13. Lathrop, R.C. 1979. Dane County Water Quality Plan Appendix B: Water Quality Conditions; Appendix H: Lake Management. Dane County Regional Planning Commission, Madison, WI.Google Scholar
  14. Lee, D.R. 1977. A device for measuring seepage flux in lakes and esturaries. Limnology and Oceanography, 22: 140–147.CrossRefGoogle Scholar
  15. McCaskey, A.E. 1955. Hydrological Characteristics of Lake Mendota Drainage Basin. Ph.D. Thesis University of Wisconsin, Madison.Google Scholar
  16. Mitchell, V.L. 1979. Drought in Wisconsin. Transactions of the Wisconsin Academy of Sciences, Arts and Letters, 67: 130–134.Google Scholar
  17. Mortimer, C.H. 1956. p. 178 In: E. A. Birge, A Memoir, by G. C. Sellery. University of Wisconsin Press, Madison.Google Scholar
  18. Murray, R.C. 1956. Recent sediments of three Wisconsin lakes. Bulletin of Geological Society of America, 67: 883–910.CrossRefGoogle Scholar
  19. Neess, J.C., and W.W. Bunge. 1956. An unpublished manuscript of E.A. Birge on the temperature of Lake Mendota; Part 1. Transactions of the Wisconsin Academy of Sciences, Arts and Letters, 45: 193–208.Google Scholar
  20. Neese, J.C., and W.W. Bunge. 1957. An unpublished manuscript of E.A. Birge on the temperature of Lake Mendota; Part 2. Transactions of the Wisconsin Academy of Sciences, Arts and Letters, 46: 31–89.Google Scholar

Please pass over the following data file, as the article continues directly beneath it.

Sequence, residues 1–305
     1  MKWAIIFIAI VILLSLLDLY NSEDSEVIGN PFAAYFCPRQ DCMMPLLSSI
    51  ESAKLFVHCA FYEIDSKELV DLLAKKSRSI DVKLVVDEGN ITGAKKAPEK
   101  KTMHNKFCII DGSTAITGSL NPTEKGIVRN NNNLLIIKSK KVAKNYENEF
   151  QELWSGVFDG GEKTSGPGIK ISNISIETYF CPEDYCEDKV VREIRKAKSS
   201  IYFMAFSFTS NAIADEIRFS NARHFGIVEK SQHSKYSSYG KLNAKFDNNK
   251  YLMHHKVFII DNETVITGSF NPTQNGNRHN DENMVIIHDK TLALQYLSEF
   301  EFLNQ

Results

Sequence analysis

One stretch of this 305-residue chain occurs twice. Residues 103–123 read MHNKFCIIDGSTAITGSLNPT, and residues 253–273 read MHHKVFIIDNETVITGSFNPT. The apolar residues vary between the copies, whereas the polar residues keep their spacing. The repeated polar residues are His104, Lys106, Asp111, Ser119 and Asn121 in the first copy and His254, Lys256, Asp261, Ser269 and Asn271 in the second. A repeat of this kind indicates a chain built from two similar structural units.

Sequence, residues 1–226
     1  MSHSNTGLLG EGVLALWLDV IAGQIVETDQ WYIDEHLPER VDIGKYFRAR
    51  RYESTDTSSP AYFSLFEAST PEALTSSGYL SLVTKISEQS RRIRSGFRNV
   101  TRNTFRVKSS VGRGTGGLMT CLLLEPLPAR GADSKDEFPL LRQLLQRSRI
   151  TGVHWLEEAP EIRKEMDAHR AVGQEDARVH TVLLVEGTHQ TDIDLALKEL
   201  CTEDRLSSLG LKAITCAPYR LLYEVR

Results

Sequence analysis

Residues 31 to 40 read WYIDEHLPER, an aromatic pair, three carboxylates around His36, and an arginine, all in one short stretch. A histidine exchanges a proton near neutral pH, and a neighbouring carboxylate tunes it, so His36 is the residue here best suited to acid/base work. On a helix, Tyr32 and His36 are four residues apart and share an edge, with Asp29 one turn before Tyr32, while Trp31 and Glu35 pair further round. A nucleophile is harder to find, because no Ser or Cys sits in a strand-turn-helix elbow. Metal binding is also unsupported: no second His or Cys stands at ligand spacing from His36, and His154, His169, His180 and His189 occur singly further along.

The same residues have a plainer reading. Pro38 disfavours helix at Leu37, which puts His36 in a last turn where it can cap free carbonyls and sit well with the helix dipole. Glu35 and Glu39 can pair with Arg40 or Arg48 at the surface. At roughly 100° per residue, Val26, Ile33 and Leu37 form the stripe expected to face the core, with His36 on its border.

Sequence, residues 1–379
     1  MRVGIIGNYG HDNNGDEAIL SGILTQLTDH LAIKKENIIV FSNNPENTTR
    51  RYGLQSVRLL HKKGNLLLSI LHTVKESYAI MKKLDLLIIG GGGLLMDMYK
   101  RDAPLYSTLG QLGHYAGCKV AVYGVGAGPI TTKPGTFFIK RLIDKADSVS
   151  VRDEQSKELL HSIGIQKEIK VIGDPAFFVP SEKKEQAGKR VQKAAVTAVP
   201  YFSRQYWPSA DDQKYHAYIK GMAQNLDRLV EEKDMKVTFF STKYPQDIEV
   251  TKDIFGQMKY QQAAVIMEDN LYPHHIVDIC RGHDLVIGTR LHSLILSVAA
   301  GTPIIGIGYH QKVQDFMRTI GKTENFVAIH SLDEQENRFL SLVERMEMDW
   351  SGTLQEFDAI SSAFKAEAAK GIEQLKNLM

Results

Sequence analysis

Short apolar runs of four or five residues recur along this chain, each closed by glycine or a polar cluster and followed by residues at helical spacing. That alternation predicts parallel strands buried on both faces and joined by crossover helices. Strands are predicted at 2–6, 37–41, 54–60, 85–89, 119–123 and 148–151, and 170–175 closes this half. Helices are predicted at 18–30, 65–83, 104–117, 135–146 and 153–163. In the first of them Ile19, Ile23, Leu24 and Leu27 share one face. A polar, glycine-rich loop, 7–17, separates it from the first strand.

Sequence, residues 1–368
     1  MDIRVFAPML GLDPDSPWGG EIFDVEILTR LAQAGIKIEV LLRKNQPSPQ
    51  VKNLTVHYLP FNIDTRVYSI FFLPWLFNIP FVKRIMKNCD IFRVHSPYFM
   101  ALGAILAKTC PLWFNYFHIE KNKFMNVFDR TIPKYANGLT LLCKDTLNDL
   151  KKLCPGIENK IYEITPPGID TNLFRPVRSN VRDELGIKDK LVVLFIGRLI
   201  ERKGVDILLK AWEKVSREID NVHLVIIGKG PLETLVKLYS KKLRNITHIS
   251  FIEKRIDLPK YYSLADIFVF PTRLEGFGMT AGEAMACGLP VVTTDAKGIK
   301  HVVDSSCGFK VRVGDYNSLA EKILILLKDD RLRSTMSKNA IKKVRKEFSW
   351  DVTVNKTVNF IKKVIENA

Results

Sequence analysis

21. Ragotzkie, R.A. 1978. Heat budgets of lakes. pp. 1–19 In Lakes Chemistry Geology Physics (A. Lerman, editor), Springer-Verlag, New York.Google Scholar
  22. Ragotzkie, R.A. and R.A. Bryson. 1953. Correlation of currents with the distribution of adult Daphnia in Lake Mendota. Journal of Marine Research, 12: 157–172.Google Scholar
  23. Shulman, M.D. and R.A. Bryson. 1961. The vertical variations of wind-driven currents in Lake Mendota. Limnology and Oceanography, 6: 347–355.CrossRefGoogle Scholar
  24. Sonzogni, W.C., and G.F. Lee. 1974. Nutrient sources for Lake Mendota. 1972. Transactions of the Wisconsin Academy of Sciences, Arts and Letters, 62: 133–164.Google Scholar
  25. Stauffer, R.E. 1974. Thermocline Migration-Algal Bloom Relationships in Stratified Lakes. Ph.D. Thesis University of Wisconsin, Madison.Google Scholar
  26. Stauffer, R.E. 1980. Windpower time series above a temperate lake. Limnology and Oceangraphy, 15: 513–528.CrossRefGoogle Scholar
  27. Stauffer, R.E. 1985. Lateral solute concentration gradients in stratified eutrophic lakes. Water Resources Research.Google Scholar
  28. Stewart, K.M. 1965. Physical limnology of some Madison Lakes. Ph.D. Thesis University of Wisconsin, Madison.Google Scholar
  29. Stewart, K.M. 1973. Detailed time variations in mean temperature and heat content of some Madison lakes. Limnology and Oceanography, 218–226.Google Scholar
  30. Stewart, K.M. and A.D. Hasler. 1972. Limnology of some Madison lakes: annual cycles. Transactions of the Wisconsin Academy of Sciences, Arts and Letters, 40: 87–123.Google Scholar
  31. Thornthwaite, C.W., J.R. Mather and D.B. Carter. 1958. Water balance maps of eastern North America. Resources for the Future, Washington, D.C.Google Scholar

Copyright information

© Springer Science+Business Media New York 1985

Authors and Affiliations

  • Thomas D. Brock
    • 1
  1. 1.Department of BacteriologyUniversity of Wisconsin-MadisonMadisonUSA

Personalised recommendations